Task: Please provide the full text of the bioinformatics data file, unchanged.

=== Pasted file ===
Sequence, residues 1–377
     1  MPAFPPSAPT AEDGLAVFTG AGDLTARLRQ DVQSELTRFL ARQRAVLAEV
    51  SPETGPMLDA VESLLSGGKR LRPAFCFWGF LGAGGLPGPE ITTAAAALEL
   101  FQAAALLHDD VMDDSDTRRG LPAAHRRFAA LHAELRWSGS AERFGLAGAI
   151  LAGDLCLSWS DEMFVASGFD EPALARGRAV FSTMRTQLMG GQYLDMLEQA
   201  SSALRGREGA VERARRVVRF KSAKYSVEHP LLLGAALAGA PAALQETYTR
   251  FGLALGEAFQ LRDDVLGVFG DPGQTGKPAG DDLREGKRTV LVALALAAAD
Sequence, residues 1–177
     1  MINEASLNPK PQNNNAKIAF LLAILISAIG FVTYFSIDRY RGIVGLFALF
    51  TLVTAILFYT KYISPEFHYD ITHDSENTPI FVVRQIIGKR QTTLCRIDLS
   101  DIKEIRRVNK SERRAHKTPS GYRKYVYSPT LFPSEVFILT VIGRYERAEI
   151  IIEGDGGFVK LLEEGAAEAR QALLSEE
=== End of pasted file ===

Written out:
Sequence, residues 1–377
     1  MPAFPPSAPT AEDGLAVFTG AGDLTARLRQ DVQSELTRFL ARQRAVLAEV
    51  SPETGPMLDA VESLLSGGKR LRPAFCFWGF LGAGGLPGPE ITTAAAALEL
   101  FQAAALLHDD VMDDSDTRRG LPAAHRRFAA LHAELRWSGS AERFGLAGAI
   151  LAGDLCLSWS DEMFVASGFD EPALARGRAV FSTMRTQLMG GQYLDMLEQA
   201  SSALRGREGA VERARRVVRF KSAKYSVEHP LLLGAALAGA PAALQETYTR
   251  FGLALGEAFQ LRDDVLGVFG DPGQTGKPAG DDLREGKRTV LVALALAAAD
Sequence, residues 1–177
     1  MINEASLNPK PQNNNAKIAF LLAILISAIG FVTYFSIDRY RGIVGLFALF
    51  TLVTAILFYT KYISPEFHYD ITHDSENTPI FVVRQIIGKR QTTLCRIDLS
   101  DIKEIRRVNK SERRAHKTPS GYRKYVYSPT LFPSEVFILT VIGRYERAEI
   151  IIEGDGGFVK LLEEGAAEAR QALLSEE